I left camp at 10am and rode to Whiskey Campground. There was a lot of downhill riding but it was pretty technical. You had to keep your reflexes in overload to keep from spilling. As soon as I got off my bike at the campground it started to rain with lightening and thunder. I set up tent and tossed my gear inside. My campsite was about 40 feet from the roaring Green River. I put my food in a bag with a note that I was a bike camper, in the outhouse, for bear protection.
Posted by carlpyt On December 8th, 2014
Much has happened since the last post, negative and positive. I set 8-04-14 as my start date because the flight was $119 while the other dates were between $169 and $179. A week before the start date, I shipped by bike, trailer, camping gear, clothes, etc. to Glacier Cyclery in Whitefish, Montana. I told them to assemble the bike. Just one less thing to worry about. A couple of days before the start date, Glacier Cyclery calls and informs me that while assembling my bike they find that the frame is cracked and can’t be fixed…I need a new bike. They said that they had a bike that I might like. It has 27 1/2 inch wheels and my bike has 26 inch wheels. I did buy new tires (not steel beaded) and tubes for my bike and they couldn’t be switched out.
Talk about uncontrollable anxiety and having, basically, sleepless nights. I thought of all kinds of back up plans, such as, calling another bike store in Kalispell, Mt. This guy was big on 29 inch wheel bikes. That put me into a real spin. On Monday, the day of my flight, I called Keith and he basically, calmed me down by telling me that 27 1/2 inch wheel bikes were what people were buying. 26 inch wheel bikes were old school. He also, informed me that 99% of new bikes did not come with steal beaded tires, which can be can be a nightmare changing…think crow bar, smashed fingers, and lots of cussing.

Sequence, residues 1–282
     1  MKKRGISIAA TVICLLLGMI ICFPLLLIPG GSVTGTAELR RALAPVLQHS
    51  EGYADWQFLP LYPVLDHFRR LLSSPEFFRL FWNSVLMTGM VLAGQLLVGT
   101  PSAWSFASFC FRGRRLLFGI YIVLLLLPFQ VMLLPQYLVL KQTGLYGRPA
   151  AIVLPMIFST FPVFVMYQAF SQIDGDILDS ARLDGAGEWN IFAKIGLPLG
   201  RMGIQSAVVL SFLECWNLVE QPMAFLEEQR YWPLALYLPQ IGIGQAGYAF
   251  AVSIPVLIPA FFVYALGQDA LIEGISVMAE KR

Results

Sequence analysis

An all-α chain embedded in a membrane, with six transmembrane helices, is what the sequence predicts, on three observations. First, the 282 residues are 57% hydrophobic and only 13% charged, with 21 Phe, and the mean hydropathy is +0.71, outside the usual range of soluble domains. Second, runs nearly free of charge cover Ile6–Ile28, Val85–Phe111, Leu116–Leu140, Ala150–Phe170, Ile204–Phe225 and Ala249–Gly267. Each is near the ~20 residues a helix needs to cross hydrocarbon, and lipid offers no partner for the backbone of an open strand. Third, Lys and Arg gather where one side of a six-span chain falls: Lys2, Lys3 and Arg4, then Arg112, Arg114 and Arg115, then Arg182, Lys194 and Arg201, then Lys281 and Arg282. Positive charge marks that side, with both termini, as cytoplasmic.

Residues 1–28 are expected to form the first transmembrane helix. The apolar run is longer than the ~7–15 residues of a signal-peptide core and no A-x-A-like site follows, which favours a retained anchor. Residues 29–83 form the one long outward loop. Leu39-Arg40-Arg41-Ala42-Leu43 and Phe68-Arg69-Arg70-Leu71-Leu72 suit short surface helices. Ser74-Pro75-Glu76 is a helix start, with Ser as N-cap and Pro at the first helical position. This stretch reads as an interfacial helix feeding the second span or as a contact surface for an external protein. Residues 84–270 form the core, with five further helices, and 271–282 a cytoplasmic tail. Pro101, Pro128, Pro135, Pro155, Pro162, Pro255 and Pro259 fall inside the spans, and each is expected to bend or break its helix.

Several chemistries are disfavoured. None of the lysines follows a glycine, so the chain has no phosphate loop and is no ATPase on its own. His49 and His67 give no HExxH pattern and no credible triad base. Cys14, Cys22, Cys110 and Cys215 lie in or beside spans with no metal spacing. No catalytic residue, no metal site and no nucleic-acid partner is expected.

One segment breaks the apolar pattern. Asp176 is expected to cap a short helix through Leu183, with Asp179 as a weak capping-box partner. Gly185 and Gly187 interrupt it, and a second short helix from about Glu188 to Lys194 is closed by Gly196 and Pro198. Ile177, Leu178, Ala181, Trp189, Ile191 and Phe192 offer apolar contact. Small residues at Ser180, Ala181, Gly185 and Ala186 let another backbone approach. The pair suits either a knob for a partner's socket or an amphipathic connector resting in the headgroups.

The flight to Seattle went without a hitch and I got a bonus when Mt. Rainier poked it’s head out through the clouds. Needless to say, I took more than a few photos. I transferred to a crop duster for the flight to Kalispell. I won’t go into any detail, or anything in general, regarding that leg of the trip. I got to my room at Cheap Sleep ($127) at 1am and of course had a fitful night’s sleep thinking about what this bike looked like that they set aside for me. I just hoped it would work out because the thought of renting a car and going to Kalispell to check out their inventory only added to my anxiety.
Glacier Cyclery is about 1 1/2 miles from Cheap Sleep, so picture me walking down the street dragging this old beat up suitcase with a green stripe spray painted across it, so it would be easy to identify. When they brought out the bike, I was more than pleasantly surprised. I took it for a spin and told them “wrap it up”. Actually, they spent most of the day modifying the bike, such as adding the bike computers from my old bike, the seat, and what took a really long time was adapting the rear housing, which was radically different than the housing on my old bike, so it would accept the trailer axle. You know technology, they’re always changing things.